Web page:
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Medvedev Says Russia Must 'Purge' Criminal Officials

Hands Opening Envelope Containing CashDec. 24 (Bloomberg) -- Russia needs to "purge" criminals from government, President Dmitry Medvedev said today, as he promised to step up his fight against corruption.

"I believe we've managed to clean things up at the federal level in recent years," Medvedev said in a live question-and- answer session with the heads of Russia's three main television channels. "But at the regional level, there are a lot of people who work according to a different code and there we need to carry out purges."

Dmitri MedvedevIn the capital Moscow, which accounts for nearly a quarter of Russia's gross domestic product, there is "unprecedented" corruption, which new Mayor Sergei Sobyanin is battling, said Medvedev. The president in September fired Yury Luzhkov, Moscow's mayor since 1992, after state media reports accusing him of corruption and favoritism toward his wife, billionaire developer Yelena Baturina. The couple denied the allegations.

Medvedev, 45, hand-picked by his predecessor, current Prime Minister Vladimir Putin, is in the third year of his term begun May 2008. He has made his priority fighting corruption, which he terms a major threat to national security, modernizing the economy away from oil dependency and revamping civil institutions.

Russia is the world's most corrupt major economy, according to Berlin-based Transparency International's 2010 Corruption Perceptions Index released in October, sliding to 154th among 178 countries and placing it alongside Tajikistan and Kenya.


Medvedev's promises to reduce corruption haven't produced any visible progress and won't succeed unless law enforcement is improved, according to Kirill Kabanov, head of the National Anti-Corruption Committee.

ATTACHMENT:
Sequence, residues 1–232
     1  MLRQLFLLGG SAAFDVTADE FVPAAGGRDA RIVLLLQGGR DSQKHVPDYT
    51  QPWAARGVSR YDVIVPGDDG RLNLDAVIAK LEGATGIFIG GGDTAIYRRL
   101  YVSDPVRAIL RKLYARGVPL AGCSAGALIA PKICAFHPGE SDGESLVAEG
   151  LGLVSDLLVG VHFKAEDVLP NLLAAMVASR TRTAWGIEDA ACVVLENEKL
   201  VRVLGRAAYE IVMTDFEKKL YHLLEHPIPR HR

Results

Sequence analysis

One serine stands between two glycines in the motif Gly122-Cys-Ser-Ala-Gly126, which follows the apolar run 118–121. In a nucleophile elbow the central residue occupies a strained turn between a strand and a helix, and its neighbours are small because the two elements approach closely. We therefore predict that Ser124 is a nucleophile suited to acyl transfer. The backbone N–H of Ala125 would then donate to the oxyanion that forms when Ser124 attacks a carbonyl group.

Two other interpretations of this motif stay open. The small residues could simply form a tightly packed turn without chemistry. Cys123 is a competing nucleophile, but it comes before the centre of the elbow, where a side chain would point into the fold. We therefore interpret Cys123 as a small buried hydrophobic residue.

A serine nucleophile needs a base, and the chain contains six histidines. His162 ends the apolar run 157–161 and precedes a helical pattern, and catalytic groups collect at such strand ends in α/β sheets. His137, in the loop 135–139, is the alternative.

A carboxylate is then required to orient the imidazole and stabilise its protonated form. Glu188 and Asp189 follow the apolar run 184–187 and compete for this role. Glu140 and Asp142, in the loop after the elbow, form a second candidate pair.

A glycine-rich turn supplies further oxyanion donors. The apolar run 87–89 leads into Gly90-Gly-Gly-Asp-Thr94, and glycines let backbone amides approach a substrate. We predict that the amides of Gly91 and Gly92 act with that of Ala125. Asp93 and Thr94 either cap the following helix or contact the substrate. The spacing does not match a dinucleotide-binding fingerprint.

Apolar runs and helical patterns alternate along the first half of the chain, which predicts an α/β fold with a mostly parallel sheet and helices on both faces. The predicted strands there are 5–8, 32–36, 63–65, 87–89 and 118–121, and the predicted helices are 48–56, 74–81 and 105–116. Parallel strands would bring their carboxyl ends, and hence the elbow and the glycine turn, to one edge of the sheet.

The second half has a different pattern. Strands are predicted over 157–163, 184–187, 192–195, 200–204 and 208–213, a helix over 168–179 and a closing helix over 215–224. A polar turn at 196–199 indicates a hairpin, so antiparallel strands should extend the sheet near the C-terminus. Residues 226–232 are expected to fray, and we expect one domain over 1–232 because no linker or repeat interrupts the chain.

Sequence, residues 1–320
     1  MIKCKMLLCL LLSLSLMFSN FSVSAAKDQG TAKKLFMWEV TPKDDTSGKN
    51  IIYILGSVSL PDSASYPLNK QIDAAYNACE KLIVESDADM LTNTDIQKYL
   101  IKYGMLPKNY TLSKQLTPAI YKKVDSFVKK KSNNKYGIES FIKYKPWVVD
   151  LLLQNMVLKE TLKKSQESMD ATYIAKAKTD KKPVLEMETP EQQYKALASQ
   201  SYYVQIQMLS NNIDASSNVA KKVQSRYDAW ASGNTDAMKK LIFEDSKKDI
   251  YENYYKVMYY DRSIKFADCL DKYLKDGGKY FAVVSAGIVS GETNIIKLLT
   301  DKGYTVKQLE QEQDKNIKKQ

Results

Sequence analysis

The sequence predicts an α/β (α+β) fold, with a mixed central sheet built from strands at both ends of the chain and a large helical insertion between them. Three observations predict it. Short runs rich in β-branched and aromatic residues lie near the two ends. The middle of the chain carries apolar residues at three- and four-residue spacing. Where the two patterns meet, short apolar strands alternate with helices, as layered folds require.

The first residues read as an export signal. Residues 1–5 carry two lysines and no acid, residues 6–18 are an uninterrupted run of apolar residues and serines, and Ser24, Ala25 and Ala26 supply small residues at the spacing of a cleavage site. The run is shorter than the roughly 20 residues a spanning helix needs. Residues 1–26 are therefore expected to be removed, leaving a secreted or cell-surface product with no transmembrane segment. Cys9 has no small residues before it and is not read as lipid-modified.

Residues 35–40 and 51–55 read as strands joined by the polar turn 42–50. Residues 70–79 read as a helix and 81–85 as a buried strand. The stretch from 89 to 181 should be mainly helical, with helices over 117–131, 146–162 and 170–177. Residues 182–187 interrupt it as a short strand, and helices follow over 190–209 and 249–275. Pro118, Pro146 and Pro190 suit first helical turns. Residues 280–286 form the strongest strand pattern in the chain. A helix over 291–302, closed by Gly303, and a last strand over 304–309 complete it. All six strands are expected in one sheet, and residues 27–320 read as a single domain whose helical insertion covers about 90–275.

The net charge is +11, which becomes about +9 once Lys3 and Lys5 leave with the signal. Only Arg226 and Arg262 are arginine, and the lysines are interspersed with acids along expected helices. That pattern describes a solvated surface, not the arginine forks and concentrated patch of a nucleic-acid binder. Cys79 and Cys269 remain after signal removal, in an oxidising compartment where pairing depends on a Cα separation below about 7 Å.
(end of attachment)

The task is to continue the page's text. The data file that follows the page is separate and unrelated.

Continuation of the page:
Russians pay bribes totaling $300 billion a year, equivalent to almost a quarter of GDP, Kabanov's national anti- corruption committee estimates.

Medvedev said about 2,700 Russians have been jailed this year for bribery, including 1,700 for giving bribes and about 1,000 for taking them.

The Russian president, a former lawyer who has promised to fight "legal nihilism," said a new law aimed at improving the performance of the police should come into force in the second quarter of next year.

Drunken Officers

The law was proposed after repeated reports of people falling victim to violent or drunken officers. A draft posted on the Kremlin website received more than 30,000 comments, most of them critical.

One of Medvedev's proposals would change the name of the main law enforcement agency from militsia, literally militia in Russia, to politsiya, police. Fifty-two percent of Russians said the effort to overhaul law enforcement would boil down to a cosmetic name change and personnel reshuffling, according to a Levada Center poll published Sept. 13.

Putin, 58, a former KGB spy who is still viewed as the most powerful politician in Russia, backed Medvedev as his successor in 2008 because of a constitutional ban on three consecutive presidential terms. He hasn't ruled out returning to the presidency in 2012 elections.


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